By Maleksultan J. Merchant
Ayaz — Hi, Naguib. How’re you?
Naguib — Ya Ali Madad Ayaz; I’m fine thank you.
Ayaz — What did you just say?
Naguib — Ya Ali Madad!
Ayaz — And what’s that?
Naguib — You mean you don’t know! That’s an Ismaili greeting.
Ayaz — How do you mean?
Naguib — Well just as ‘Goodmorning’, ‘Goodafternoon’ and others are greetings in the English culture, so Ya Ali Madad is a greeting in our Ismaili culture.
Ayaz — That’s interesting – no one’s ever told me that before!
Naguib — Actually, there is also a Muslim greeting, which goes ‘As-salaam-alaykum’. The reply to that is ‘Wa-alaykum-salaam’.
Ayaz — I guess all that has a special meaning.
Naguib — Yes. As-salaam-alaykum, which is Arabic, means ‘May Peace be upon you!’ The reply to this, Wa-alaykum-salaam means ‘And may peace be upon you, too’.
Ayaz — So I suppose it would be alright for me to use this greeting when I meet another Muslim.
Naguib — Yes, certainly. We should maintain this Muslim tradition.
Ayaz — That’s really great! Tell me, what does Ya Ali Madad mean?
Naguib — Ya Ali Madad is a phrase very rich in meaning. Firstly, Ali is one of the Names of Allah. it means ‘The Exalted’.
Ali, of course, is also the name of our first Imam and Mawlana Hazar Imam is Mawla Ali himself because he is the bearer of the same Noor as Hazrat Ali, like all Imams before him.
Thus, Ya Ali Madad means ‘May the Exalted Allah help you’ and it also means ‘May Mawla Ali, our Hazar Imam help you’.
Ayaz — What is the reply to Ya Ali Madad?
Nuguib — It’s Mawla Ali Madad, which means ‘May the Exalted Allah help you, too’, or ‘May Mawla Ali, our Hazar Imam help you, too’.
Ayaz — I think that’s a very beautiful greeting!
Naguib — It sure is, because Ya Ali Madad, unlike greetings like hi, good-morning, etc. is not merely a polite and courteous way to acknowledge another Ismaili’s presence. It is a Tasbih and a prayer.
It’s a Tasbih because we remember Allah and we remember Hazar Imam. At the same time, it is also a prayer asking for the help of Allah and Mawlana Hazar Imam.
Ayaz — It’s amazing but I’ve never heard of these greetings before. It’s almost embarassing to admit that such beautiful traditions exist in our culture, and yet I’ve never heard of them.
Naguib — But haven’t your parents ever mentioned this to you?
Ayaz — No. All mum says is, ‘Bye, take care’ when I go out and ‘Hello’ when I come in. When I go to bed, it’s ‘Goodnight’ with a kiss. Come to think of it mum never says Ya Ali Madad to her friends either. It’s always ‘Hi Jenny’ and ‘Hi Sakar’.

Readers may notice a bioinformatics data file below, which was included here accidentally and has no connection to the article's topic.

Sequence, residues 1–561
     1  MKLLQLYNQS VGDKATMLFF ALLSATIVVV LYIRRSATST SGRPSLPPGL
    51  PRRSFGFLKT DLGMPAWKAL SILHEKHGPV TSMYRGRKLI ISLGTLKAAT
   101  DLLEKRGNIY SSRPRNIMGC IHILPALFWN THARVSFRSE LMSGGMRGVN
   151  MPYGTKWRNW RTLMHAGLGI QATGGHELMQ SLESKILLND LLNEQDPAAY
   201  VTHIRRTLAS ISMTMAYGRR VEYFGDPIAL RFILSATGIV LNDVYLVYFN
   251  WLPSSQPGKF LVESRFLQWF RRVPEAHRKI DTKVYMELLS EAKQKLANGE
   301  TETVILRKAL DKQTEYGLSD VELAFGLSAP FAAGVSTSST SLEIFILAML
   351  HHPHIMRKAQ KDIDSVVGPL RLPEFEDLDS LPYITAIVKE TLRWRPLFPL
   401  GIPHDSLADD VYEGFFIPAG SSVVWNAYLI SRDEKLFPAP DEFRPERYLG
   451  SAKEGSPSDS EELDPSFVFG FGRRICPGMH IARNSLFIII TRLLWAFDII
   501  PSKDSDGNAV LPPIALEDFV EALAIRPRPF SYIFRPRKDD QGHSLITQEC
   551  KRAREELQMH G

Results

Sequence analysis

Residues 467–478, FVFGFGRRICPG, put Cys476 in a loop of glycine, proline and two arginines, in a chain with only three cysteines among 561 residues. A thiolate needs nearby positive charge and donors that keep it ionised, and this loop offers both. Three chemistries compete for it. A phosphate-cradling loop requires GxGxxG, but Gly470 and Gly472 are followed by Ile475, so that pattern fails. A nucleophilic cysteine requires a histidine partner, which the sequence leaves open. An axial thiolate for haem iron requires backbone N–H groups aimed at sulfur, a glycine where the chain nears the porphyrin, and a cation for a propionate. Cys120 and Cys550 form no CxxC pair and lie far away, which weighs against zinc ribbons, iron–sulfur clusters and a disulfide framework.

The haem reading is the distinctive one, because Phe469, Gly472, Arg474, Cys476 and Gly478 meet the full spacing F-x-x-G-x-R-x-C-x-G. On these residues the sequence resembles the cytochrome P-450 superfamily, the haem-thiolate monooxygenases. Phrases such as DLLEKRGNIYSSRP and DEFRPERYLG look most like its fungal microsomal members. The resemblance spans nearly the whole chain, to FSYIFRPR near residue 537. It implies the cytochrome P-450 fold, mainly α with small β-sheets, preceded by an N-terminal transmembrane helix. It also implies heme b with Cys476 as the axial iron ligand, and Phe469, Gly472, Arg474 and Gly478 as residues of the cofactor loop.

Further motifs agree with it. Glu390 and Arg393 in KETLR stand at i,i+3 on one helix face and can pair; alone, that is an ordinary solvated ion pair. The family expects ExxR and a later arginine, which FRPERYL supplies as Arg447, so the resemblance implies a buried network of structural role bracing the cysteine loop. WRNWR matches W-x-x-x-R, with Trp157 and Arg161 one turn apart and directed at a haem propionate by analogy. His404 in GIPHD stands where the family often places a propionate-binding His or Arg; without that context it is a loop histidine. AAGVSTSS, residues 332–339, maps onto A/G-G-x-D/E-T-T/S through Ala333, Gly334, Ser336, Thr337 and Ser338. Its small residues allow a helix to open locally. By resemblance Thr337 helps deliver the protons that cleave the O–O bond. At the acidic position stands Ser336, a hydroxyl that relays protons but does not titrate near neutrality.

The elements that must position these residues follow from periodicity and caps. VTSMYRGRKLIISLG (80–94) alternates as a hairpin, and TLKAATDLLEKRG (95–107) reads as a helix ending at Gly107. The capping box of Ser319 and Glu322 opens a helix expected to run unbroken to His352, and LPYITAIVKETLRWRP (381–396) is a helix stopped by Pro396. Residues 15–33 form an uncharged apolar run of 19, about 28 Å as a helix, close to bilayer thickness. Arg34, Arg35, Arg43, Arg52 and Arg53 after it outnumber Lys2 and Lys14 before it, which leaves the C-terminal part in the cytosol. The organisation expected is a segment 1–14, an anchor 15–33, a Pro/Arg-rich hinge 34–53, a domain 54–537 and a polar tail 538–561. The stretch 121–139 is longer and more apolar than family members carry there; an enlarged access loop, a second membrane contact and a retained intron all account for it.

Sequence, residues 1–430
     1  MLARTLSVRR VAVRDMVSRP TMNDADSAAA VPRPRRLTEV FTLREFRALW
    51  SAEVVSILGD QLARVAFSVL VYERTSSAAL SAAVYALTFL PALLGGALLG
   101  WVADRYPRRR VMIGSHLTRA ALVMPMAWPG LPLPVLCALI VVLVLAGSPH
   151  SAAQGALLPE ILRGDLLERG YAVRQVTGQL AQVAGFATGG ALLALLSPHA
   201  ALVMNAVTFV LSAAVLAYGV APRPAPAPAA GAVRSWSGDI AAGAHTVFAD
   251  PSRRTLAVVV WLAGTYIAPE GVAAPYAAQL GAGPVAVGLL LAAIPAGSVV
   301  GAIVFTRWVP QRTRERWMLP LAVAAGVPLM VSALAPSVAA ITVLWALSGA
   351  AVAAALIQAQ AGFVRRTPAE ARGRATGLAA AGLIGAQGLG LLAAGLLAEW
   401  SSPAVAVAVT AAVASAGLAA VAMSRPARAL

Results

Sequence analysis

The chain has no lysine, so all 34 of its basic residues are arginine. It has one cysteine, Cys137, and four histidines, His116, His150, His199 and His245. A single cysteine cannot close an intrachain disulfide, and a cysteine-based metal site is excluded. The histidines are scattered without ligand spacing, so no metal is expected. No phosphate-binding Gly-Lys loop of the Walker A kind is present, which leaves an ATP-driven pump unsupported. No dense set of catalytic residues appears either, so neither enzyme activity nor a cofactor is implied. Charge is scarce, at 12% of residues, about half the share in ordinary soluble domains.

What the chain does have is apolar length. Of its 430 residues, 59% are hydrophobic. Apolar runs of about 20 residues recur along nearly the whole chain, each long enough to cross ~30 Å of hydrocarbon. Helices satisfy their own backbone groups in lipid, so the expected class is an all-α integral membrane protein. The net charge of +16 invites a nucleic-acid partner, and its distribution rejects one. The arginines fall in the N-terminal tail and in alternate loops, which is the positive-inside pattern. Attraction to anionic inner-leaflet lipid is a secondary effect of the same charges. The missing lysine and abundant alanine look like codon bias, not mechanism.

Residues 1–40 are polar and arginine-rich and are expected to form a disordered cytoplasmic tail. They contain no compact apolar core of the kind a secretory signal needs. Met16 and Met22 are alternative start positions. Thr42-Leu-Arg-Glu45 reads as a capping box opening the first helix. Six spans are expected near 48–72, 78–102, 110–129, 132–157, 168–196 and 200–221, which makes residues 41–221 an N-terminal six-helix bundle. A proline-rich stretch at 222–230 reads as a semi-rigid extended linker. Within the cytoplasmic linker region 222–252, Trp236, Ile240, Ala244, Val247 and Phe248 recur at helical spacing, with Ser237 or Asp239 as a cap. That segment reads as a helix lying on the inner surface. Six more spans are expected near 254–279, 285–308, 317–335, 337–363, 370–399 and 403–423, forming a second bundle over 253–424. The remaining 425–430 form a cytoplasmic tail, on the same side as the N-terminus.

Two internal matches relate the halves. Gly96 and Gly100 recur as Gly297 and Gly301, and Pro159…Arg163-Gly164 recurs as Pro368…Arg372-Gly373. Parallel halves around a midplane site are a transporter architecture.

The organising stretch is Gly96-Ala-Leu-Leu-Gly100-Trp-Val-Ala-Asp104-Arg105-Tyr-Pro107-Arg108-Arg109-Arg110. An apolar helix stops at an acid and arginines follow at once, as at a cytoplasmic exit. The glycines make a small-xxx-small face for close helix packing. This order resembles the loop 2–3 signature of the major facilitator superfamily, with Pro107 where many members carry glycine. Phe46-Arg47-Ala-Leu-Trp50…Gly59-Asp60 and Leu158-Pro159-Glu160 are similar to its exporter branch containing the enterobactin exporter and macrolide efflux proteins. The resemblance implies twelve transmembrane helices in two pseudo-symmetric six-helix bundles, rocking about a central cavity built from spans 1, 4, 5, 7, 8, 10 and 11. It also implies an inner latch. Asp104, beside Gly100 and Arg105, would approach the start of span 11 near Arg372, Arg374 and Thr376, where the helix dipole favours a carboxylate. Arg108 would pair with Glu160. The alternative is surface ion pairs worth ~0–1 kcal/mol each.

Naguib — It’s very sad to hear that we ignore our traditions. I guess it’s alright to say ‘Hi’ and Hello’ to non-Ismaili and non-Muslim friends. But I do feel that we ought to use As-salaam-alaykum and Ya Ali Madad when greeting Muslim and Ismaili friends.
Don’t you think it would be nice to say Ya Ali Madad before leaving for school, then again on returning from school, and finally when going to bed? And parents could say Mawla Ali Madad, i.e. ‘May Mawla Ali help you’ rather than ‘Take care of yourself’.
Ayaz — Yes it would, because then we know that Hazar Imam’s help is always available to us. Mum and dad will be really surprised to night when I say Ya Ali Madad instead of ‘Goodnight’.
I’ll surprise Mahmud, my Muslim friend at school tomorrow, too.
Naguib — I bet they’ll be amazed!
Ayaz — How come you know all this. Did your parents tell you?
Naguib — Yes, and I also learn a great deal by attending religious classes which teach us about our ethics, faith and culture. I suggest you enrol at your nearest centre and benefit from the material that we learn there.
Ayaz — Great, I’ll get my mum to enrol me. I’m glad I met you today and you said Ya Ali Madad. I wouldn’t have learnt all this if you’d just wished me ‘Hi’.
Naguib — Well, I’m glad you see the beauty and importance of our tradition. It’s also nice to know that you’ll start attending the classes.
Ayaz — Yes, I’ll make a point of attending the classes. Thank you very much for being so patient and explaining all this to me.
Naguib — Not at all – I’m glad I could be of help.
Ayaz — I’m glad too that I’ve learnt something about our traditions today. Well, I guess I’d better go now. Thank you Naguib, and Ya Ali Madad – ‘May the Exalted Allah help you’ and ‘May our Hazar Imam help you’, is that right?
Naguib — Yes, that’s right. Mowla Ali Madad, Ayaz.
Date posted: Saturday, September 24, 2011.
Before departing this website, please take a moment to visit the Table of Contents for links to a vast collection of articles published on this blog as well as its two sister blogs Barakah and Simergphotos.
The above reading is a revised version of a religious dialogue prepared by Alwaeza Maleksultan Merchant while she taught Baitul Ilm in London, England. The dialogue was presented on numerous occasions by her students at their respective religious education centres and Jamatkhanas in the Greater London Area. The dialogue was first published in the 1977 Navroz issue (Volume 2, Numbers 3 & 4) of Ilm magazine – Ed
Sign-up for blog subscription at top right of this page. Share this article via the share option below.
We welcome feedback/letters from our readers. Please use the LEAVE A REPLY box which appears below. Your feedback may be edited for length and brevity, and is subject to moderation. We are unable to acknowledge unpublished letters.